N2 - In most experimental models of CKD, male animals progress more rapidly than females. Modulation of the hormonal milieu can replicate the effects of gender on the course of kidney disease. These observations suggest that sex hormones per se may be important determinants of the greater susceptibility of males to progressive kidney injury. The predominance of data in humans suggests that the course of nondiabetic kidney disease is more aggressive in men than women. Male gender is arguably also a risk factor for progression of diabetic nephropathy. Sex hormones directly or indirectly affect many cellular processes by modulating the synthesis of various cytokines, growth factors, and vasoactive agents. In particular, estrogen acts in a receptor-dependent mechanism to regulate genes involved in extracellular matrix metabolism. Estrogen has profound effects on transforming growth factor-β signal transduction and on the renin-angiotensin system. These effects may contribute to alterations in kidney hemodynamics and affect kidney disease progression. Selective estrogen receptor modulators, agents that mimic many of the beneficial effects of estrogen without reproducing estrogen's deleterious effects on reproductive tissue, ameliorate the course of kidney disease in animal models and in postmenopausal women.

AB - In most experimental models of CKD, male animals progress more rapidly than females. Modulation of the hormonal milieu can replicate the effects of gender on the course of kidney disease. These observations suggest that sex hormones per se may be important determinants of the greater susceptibility of males to progressive kidney injury. The predominance of data in humans suggests that the course of nondiabetic kidney disease is more aggressive in men than women. Male gender is arguably also a risk factor for progression of diabetic nephropathy. Sex hormones directly or indirectly affect many cellular processes by modulating the synthesis of various cytokines, growth factors, and vasoactive agents. In particular, estrogen acts in a receptor-dependent mechanism to regulate genes involved in extracellular matrix metabolism. Estrogen has profound effects on transforming growth factor-β signal transduction and on the renin-angiotensin system. These effects may contribute to alterations in kidney hemodynamics and affect kidney disease progression. Selective estrogen receptor modulators, agents that mimic many of the beneficial effects of estrogen without reproducing estrogen's deleterious effects on reproductive tissue, ameliorate the course of kidney disease in animal models and in postmenopausal women.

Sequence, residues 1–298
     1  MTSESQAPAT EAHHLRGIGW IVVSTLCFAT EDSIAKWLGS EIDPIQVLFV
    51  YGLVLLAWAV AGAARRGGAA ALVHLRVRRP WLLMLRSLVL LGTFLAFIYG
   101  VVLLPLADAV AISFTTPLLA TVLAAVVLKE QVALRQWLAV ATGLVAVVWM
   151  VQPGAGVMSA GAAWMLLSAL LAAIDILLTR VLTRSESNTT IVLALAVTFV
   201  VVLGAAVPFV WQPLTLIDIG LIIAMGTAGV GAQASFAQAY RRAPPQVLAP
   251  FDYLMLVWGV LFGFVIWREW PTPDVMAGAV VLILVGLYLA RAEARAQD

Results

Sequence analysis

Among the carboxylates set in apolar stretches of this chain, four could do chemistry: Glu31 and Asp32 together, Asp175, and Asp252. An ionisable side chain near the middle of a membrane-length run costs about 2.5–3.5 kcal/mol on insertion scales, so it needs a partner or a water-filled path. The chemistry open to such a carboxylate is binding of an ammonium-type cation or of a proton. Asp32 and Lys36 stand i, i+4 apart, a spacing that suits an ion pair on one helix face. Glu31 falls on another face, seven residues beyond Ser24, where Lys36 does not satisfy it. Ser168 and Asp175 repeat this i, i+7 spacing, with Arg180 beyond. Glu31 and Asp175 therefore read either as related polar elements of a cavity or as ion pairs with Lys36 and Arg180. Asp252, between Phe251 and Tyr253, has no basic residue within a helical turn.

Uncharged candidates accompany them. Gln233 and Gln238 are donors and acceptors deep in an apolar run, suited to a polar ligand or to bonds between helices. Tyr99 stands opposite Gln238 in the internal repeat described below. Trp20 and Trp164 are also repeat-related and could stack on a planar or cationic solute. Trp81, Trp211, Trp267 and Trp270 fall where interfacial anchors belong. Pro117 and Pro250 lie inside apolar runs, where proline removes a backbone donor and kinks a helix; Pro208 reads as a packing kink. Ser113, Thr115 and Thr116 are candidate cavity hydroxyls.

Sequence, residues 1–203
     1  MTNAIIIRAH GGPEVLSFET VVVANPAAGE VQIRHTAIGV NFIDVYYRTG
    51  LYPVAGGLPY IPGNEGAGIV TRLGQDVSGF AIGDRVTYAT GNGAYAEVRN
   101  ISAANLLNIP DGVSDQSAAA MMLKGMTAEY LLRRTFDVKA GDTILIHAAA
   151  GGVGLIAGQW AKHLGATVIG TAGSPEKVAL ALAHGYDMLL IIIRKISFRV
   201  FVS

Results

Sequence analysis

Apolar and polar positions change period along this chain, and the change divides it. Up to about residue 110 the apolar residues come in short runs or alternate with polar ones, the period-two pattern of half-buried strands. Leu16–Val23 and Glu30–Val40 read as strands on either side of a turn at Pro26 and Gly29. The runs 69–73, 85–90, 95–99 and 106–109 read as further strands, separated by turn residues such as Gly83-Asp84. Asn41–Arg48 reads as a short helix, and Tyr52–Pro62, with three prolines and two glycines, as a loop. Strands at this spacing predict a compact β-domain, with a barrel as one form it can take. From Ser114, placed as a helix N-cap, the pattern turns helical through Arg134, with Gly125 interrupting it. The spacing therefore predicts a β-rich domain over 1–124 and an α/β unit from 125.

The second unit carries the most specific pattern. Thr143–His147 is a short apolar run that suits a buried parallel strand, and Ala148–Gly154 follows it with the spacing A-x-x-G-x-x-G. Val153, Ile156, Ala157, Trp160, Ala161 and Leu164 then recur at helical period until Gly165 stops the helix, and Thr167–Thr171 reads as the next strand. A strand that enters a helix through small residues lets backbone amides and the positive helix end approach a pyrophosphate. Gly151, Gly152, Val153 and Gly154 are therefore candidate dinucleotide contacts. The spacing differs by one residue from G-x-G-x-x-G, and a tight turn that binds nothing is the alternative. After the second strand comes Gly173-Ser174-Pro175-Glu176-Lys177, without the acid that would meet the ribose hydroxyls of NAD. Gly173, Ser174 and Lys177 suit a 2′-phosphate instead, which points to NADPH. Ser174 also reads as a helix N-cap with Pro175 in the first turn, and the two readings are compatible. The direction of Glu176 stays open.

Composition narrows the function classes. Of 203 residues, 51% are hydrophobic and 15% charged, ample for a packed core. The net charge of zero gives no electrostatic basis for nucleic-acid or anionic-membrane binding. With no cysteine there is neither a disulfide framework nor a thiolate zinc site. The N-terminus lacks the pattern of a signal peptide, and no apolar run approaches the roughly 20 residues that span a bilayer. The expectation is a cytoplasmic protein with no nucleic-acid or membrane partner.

KW - CKD

KW - Estrogen

KW - Gender

KW - Sex

KW - Testosterone

UR - http://www.scopus.com/inward/record.url?scp=84882761422&partnerID=8YFLogxK

UR - http://www.scopus.com/inward/citedby.url?scp=84882761422&partnerID=8YFLogxK

U2 - 10.1053/j.ackd.2013.05.004

DO - 10.1053/j.ackd.2013.05.004

M3 - Article

VL - 20

SP - 390

EP - 395

JO - Advances in Chronic Kidney Disease

JF - Advances in Chronic Kidney Disease

SN - 1548-5595

IS - 5

ER -